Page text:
Learning never stops: An interview with George Fairweather CA
Walgreens Boots Alliance CFO George Fairweather CA tells Sarah Perrin that leadership success comes from acquiring knowledge from every business transaction.
For those of us living in the UK, the Boots name is long-established on the high street. But the familiar stores are now part of the global business Walgreens Boots Alliance following the completion of the merger between Walgreens and Alliance Boots on 31 December 2014.
As with all such transactions, the success of the deal could not be guaranteed. Walgreens, though enormous and listed, was a domestic, American-centric business, whereas private company Alliance Boots was a multinational European entity with highly decentralised operations.
Together, the company employs over 370,000 people and has a presence in more than 25 countries. It is the largest retail pharmacy, health and daily living destination in the US and Europe.
Interviewed in December 2015 with the first anniversary of the merger fast approaching, Global Chief Financial Officer George Fairweather CA exuded an aura of calm control.
Is the post-deal period going well?
“Absolutely,” he said. “You can see from the numbers that we are on track and well on the way to delivering our synergy goals.”
In the year to 31 August, 2015, net sales increased 35.4 per cent to $103.4bn (£70.75bn), while GAAP net earnings increased 118.4 per cent to $4.2bn (£2.87) compared with the same period a year before.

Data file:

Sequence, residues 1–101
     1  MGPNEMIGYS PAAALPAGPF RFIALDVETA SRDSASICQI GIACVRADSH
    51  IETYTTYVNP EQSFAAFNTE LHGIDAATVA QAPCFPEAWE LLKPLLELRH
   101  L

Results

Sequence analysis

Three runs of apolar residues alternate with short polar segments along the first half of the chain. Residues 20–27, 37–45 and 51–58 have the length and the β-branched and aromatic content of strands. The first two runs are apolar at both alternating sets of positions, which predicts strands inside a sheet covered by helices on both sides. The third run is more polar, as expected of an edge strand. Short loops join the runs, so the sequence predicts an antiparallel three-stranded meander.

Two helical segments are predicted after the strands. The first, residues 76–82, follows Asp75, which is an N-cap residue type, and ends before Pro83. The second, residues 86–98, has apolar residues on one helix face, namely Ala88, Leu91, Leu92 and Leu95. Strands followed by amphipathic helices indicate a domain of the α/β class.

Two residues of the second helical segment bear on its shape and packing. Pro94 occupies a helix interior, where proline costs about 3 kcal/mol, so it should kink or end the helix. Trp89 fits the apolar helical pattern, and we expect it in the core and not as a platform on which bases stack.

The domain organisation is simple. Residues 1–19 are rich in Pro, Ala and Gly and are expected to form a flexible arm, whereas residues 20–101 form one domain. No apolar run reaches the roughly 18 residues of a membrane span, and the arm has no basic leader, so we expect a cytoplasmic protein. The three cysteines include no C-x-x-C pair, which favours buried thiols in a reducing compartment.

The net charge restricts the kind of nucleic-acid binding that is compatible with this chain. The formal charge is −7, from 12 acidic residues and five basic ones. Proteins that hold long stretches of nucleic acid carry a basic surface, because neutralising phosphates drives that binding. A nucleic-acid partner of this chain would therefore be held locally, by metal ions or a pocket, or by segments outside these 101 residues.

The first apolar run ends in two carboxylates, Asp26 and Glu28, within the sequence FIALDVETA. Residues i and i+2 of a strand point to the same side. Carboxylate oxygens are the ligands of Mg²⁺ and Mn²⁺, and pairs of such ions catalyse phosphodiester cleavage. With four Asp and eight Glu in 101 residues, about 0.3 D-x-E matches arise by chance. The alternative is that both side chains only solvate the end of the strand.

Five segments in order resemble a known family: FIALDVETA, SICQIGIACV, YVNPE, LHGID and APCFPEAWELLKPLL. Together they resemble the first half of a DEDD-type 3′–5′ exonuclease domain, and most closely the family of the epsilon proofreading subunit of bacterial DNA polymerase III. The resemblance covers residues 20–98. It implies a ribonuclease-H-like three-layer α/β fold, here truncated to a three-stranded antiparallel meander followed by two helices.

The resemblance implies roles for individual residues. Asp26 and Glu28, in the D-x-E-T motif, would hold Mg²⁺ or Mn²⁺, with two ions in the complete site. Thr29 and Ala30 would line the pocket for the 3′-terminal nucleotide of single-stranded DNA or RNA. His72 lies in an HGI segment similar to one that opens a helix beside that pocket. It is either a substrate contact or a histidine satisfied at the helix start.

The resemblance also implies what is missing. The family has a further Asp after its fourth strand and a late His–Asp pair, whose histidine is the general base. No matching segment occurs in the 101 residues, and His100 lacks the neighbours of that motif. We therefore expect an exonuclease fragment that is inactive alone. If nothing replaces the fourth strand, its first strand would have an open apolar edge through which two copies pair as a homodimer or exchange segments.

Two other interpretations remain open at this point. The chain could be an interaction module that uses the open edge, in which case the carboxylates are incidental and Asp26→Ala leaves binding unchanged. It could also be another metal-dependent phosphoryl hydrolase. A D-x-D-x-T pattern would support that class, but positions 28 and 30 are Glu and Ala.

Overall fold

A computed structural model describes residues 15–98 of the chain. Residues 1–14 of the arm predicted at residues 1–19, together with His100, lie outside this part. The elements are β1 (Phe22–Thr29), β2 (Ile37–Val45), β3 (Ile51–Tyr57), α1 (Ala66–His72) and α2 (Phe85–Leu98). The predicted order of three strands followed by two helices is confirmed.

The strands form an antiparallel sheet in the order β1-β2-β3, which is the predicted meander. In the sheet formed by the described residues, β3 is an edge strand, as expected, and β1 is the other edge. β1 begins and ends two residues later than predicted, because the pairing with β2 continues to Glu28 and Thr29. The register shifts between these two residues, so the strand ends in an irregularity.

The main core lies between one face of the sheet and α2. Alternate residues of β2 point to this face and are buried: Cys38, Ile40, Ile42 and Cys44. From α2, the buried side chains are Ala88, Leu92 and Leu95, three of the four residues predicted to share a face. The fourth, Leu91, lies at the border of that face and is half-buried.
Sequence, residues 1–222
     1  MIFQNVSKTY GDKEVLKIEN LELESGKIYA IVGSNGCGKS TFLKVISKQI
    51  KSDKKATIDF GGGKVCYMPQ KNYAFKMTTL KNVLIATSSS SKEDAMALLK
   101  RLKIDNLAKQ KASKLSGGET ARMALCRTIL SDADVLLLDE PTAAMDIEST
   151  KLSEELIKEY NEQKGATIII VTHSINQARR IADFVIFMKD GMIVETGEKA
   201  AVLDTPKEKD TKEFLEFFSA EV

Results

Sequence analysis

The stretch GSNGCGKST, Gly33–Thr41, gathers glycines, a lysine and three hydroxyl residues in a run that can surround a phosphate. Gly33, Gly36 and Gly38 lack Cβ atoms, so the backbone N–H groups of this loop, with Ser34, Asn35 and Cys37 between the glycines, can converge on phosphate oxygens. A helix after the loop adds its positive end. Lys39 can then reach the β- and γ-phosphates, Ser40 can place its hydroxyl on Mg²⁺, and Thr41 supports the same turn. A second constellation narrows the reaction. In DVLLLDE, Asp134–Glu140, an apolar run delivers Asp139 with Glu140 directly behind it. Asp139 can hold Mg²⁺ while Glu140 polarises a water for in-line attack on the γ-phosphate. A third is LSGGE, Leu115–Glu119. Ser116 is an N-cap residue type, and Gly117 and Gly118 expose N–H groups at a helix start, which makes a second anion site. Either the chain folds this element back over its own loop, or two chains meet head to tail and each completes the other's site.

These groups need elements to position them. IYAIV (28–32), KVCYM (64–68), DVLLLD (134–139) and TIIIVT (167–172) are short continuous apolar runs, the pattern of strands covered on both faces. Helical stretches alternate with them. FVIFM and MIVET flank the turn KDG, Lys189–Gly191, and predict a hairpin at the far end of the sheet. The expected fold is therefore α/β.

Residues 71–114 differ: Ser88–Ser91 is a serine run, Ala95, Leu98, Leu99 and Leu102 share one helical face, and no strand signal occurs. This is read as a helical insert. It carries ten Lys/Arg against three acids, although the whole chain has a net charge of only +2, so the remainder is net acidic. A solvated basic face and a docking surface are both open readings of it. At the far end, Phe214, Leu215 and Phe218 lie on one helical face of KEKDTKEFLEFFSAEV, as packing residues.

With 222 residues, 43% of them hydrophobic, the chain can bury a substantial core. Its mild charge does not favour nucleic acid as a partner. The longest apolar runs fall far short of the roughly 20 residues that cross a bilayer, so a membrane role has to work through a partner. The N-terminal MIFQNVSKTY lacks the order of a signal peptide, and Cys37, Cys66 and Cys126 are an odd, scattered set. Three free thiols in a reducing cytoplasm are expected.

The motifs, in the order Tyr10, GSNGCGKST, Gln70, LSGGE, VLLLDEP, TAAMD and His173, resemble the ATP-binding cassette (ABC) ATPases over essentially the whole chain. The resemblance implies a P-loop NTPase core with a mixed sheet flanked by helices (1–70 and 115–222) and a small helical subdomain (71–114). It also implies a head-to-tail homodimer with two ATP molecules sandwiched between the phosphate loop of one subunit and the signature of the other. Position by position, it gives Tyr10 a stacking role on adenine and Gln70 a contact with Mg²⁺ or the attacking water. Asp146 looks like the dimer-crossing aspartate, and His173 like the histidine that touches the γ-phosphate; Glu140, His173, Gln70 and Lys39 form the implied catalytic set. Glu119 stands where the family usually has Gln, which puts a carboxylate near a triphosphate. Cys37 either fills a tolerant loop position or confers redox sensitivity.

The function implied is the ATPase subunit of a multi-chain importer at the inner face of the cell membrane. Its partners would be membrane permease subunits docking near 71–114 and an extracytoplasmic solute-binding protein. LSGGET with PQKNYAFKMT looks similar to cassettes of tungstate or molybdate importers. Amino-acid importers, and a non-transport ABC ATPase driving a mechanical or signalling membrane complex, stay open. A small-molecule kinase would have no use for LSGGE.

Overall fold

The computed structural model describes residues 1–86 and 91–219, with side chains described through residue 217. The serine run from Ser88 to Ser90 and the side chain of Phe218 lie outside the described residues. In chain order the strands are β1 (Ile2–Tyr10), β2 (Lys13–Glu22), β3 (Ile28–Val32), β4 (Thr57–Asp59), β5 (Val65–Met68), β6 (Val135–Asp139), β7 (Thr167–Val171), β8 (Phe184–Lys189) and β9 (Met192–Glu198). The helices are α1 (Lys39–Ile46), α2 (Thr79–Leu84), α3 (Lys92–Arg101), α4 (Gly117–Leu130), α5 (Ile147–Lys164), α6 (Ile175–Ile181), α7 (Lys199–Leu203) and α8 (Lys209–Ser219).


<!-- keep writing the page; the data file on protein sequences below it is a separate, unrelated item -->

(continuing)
The success of the merged business is no accident. “We always do our homework when we are acquiring businesses or merging,” George said. “We do a lot of diligence. We always look for industrial value - synergies. And we seek to generate those synergies in a logical way.”
Procurement synergies can be achieved relatively early, he noted. Maximising brand values, for example by introducing No7 products into the US, takes a little longer. “You go through various trials, making sure the offer is right.
"I believe that when looking at transactions, you need to have a robust business case and then when you are bringing two businesses together, it’s important to keep your focus on the customer. Never lose sight of the customer.”
Mergers and acquisitions
George has been involved in numerous mergers or acquisitions during his career, not least that of Boots and Alliance UniChem (where George was FD) in 2005, so he has clear views on what makes for success.
Treat acquisitions as mergers, because that way you retain skills and knowledge.
On the people front, George aims to retain the best finance leaders, regardless of their current roles, moving them across into new positions if necessary. “Treat acquisitions as mergers, because that way you retain skills and knowledge,” he said, emphasising the need for shared values and teamwork.
“We like to work in partnership with colleagues,” he said. “What’s important is having shared values. Over time a common culture evolves, but you have got to have the right values.”
The culture of Walgreens Boots Alliance
“We believe in having at all times an entrepreneurial culture, but combining that with a disciplined financial approach to investment, to spending money,” he said. “So we have this cocktail of entrepreneurialism plus strong financial control that we believe is a key secret of success.”
On processes, George said: “As you get bigger, processes tend to have to be more sophisticated to handle the complexity, particularly around areas like management information; the larger one becomes, the more dependent one is on the insight one gets from the dashboards and management reporting.